It is the first week of autumn here but the days are still warm and sunny, with blue skies and long evenings. The hedgerows are full of ripe blackberries and the last of the summer roses and wildflowers are blooming, yet the leaves are starting to turn.
North Devon is so beautiful and a delight to explore. On the rugged coast there are golden beaches and quaint fishing ports, while inland has miles of rolling green farmland, narrow country lanes and pretty thatched cottages. To the north are the rolling moors, covered in purple heather, with wild Exmoor ponies and black-faced sheep. Such a stunning place to walk.
I have been in Barnstaple for nearly two months, so two-thirds of the way through my writing residency. It has been an incredible experience to live and work here. Wandering the streets, chatting with neighbours and shopkeepers, I feel like a local. Everyone is so friendly.
Last week I took a few days to explore Cornwall, including the former smuggling coves of Boscastle, Port Isaac, Padstow, Fowey and Mousehole. I visited the Padstow Bookseller, a gorgeous bookshop which was established by Australian publisher and booklover Sarah Stein.
The highlight of my Cornish visit was a literary quest to walk in the footsteps of Daphne Du Maurier, around the medieval port of Fowey. Daphne du Maurier lived here for most of her adult life.
I followed one of Daphne’s favourite hikes from Fowey to Readymoney Cove (where Daphne and her children lived during World War 2), past St Catherine’s Castle over the cliffs, to Polridmouth (the stone cottage here inspired the boathouse in Rebecca) and up to Gribben Head. It was on this walk that Daphne first saw Menabilly, the house she fell in love with and later restored. Menabilly was the inspiration for Manderley in Rebecca, Barton in My Cousin Rachel, and the setting for The King’s General. The grand house could just be glimpsed, hidden amongst the woodland, from Gribben Head.
Another highlight was staying a night at the atmospheric Jamaica Inn, on Bodmin Moor. This former smugglers’ haunt was discovered by Daphne on a riding holiday with a friend. The weather turned and the girls became lost in the mist. The horses found their way to the old inn, and there Daphne heard stories about its history of smugglers and murderous wreckers, inspiring her famous novel.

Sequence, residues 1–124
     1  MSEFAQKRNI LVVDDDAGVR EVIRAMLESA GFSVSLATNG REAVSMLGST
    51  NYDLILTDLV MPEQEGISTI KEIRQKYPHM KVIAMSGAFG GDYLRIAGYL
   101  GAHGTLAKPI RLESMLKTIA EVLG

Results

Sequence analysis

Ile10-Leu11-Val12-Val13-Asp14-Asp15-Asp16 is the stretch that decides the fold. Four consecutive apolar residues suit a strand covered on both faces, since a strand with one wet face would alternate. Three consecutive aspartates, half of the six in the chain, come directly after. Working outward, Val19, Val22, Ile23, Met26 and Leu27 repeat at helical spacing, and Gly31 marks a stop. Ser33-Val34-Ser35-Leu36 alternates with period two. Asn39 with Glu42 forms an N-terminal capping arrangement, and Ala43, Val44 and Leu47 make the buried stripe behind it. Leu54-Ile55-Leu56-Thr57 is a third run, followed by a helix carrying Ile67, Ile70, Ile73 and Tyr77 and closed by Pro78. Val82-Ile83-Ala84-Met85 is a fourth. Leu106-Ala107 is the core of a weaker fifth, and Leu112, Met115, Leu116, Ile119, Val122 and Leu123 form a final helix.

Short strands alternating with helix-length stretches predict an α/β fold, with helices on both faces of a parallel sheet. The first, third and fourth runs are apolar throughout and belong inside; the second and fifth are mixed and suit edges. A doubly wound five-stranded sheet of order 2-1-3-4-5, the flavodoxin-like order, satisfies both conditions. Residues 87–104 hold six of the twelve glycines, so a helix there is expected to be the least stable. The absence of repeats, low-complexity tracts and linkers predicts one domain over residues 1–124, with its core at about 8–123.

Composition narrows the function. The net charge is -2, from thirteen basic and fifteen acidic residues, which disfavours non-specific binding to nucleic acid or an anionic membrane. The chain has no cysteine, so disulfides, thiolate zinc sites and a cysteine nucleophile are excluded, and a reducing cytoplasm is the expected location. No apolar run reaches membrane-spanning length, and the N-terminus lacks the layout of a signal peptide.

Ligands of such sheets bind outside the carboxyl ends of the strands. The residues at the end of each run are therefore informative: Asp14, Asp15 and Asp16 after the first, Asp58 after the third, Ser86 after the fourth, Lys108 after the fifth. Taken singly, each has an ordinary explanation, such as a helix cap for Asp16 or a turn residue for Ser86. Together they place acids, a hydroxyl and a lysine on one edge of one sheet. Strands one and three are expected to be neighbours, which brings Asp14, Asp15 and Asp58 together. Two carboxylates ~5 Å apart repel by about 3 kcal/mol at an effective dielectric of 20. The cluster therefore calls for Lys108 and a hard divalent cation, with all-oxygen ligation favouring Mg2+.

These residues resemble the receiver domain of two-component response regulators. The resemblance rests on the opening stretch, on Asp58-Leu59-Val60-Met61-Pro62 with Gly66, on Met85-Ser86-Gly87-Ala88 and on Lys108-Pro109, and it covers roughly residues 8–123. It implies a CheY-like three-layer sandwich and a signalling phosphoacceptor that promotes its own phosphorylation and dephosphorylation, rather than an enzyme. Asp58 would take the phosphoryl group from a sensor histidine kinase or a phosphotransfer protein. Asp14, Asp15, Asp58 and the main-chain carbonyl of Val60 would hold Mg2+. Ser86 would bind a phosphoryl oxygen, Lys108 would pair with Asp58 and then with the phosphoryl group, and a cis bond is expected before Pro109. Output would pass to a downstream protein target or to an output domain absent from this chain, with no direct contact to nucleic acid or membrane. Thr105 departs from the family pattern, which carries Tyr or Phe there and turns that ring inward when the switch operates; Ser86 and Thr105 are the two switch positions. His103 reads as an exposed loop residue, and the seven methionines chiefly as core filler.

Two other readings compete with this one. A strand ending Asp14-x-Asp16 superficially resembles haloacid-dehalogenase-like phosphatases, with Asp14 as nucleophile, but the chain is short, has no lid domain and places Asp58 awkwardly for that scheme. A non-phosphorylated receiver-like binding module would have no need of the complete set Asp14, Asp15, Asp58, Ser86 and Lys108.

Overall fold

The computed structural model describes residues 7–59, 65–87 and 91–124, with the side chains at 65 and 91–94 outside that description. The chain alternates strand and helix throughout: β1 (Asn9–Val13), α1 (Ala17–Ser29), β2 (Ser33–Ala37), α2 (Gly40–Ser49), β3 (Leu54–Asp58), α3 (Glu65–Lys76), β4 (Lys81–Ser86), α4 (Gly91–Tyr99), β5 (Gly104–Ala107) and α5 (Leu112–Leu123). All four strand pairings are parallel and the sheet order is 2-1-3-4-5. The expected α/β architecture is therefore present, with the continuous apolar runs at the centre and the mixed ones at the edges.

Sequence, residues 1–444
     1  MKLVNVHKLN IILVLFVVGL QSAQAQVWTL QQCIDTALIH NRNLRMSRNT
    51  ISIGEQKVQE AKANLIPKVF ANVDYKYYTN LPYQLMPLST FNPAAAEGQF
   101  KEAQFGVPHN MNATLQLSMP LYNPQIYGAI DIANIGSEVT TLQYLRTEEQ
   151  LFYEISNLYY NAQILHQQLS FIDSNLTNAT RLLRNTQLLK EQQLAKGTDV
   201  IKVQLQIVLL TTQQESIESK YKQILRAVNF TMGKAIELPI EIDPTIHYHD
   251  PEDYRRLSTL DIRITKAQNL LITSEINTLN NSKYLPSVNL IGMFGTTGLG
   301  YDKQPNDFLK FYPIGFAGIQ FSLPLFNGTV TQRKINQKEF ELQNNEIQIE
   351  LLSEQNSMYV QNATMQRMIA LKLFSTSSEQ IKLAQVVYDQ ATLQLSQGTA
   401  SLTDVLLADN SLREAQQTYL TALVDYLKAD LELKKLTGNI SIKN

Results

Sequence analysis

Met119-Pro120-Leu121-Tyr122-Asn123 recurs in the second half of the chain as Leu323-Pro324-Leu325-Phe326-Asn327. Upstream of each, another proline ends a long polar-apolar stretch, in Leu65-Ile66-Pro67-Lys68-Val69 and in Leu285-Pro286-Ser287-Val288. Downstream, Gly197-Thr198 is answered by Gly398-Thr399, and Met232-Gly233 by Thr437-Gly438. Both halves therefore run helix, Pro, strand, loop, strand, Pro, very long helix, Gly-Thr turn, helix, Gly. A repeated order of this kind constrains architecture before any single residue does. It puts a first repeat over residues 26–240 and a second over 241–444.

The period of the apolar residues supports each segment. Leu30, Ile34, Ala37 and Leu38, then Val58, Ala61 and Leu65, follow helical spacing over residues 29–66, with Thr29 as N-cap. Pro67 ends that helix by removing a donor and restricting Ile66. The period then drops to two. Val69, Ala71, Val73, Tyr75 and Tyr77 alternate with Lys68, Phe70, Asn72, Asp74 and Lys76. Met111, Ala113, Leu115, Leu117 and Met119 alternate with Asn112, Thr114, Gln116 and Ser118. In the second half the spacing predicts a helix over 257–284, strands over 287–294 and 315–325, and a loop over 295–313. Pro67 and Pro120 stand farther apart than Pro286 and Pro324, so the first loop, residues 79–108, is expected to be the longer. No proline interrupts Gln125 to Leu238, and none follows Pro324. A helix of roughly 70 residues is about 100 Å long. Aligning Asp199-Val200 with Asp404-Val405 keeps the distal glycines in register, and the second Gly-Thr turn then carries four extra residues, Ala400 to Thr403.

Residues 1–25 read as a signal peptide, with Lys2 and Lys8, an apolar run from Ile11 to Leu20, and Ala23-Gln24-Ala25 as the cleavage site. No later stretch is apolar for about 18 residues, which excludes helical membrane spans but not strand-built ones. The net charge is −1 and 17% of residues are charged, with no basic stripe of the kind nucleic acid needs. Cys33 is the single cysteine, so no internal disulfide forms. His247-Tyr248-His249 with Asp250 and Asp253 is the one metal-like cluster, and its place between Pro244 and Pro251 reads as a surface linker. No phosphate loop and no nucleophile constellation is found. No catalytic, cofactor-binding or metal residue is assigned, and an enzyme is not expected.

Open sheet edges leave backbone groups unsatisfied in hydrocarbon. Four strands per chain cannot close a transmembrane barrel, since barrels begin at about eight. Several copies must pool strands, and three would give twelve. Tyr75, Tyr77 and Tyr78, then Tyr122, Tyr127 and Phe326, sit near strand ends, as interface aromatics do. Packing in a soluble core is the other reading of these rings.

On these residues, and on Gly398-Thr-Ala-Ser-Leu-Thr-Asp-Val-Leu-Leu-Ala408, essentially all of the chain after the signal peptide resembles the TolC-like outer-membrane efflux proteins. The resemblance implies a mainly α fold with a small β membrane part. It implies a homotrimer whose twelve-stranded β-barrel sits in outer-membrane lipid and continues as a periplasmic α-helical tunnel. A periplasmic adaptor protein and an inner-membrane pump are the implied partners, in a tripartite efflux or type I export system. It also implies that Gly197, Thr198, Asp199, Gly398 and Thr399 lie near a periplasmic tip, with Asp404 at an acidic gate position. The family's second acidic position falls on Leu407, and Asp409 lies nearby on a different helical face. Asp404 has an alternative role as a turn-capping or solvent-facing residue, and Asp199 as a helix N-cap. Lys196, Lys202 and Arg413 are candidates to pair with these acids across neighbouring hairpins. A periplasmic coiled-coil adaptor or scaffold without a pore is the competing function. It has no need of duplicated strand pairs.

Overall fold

Cornwall has been an inspirational setting for so many writers from Daphne du Maurier, Winston Graham (The Poldark series), Antonia Barber (The Mousehole Cat), Kenneth Grahame (The Wind in the Willows), William Golding (Lord of the Flies), Thomas Hardy (Tess of the D’Urbervilles) to Australian Kate Morton (The Forgotten Garden).
A couple of weeks ago was Book Week in Australia. I ran a creative writing workshop with a group of talented young writers at Melton Library in Melbourne, via Zoom. I was a little nervous about the time difference (very early morning here!) and the technology, but it all went off beautifully. The stories and characters which the children created were fantastic.
In August I was invited to speak at Barnstaple Library to the Writing For Children group, about the Society of Women Writers’ Di Yerbury Residency, my books and the Australian publishing industry. The group was a mixture of local published authors and aspiring children’s writers. They were thrilled to hear about Di Yerbury, the writing residency and her connection to Barnstaple. They were also very interested to hear about my creative writing practice and the collaborative process with my Penguin publishing team. I shared a sneak peek into my upcoming junior fiction series and the development of the book covers.
Next weekend, I’m looking forward to catching the train to Bath for the annual Jane Austen festival. Later in September, I will be attending the famous Appledore Book Festival, which features writers such as Ann Cleeves, Val McDermid, Deborah Moggach, Alexander McCall Smith, and Children’s Laureate Joseph Coelho. So lots of wonderful opportunities to look forward to.
It has been such an inspiring trip and I am so grateful for this wonderful opportunity provided by our Patron, Professor Di Yerbury, and the Society of Women Writers. Until next time!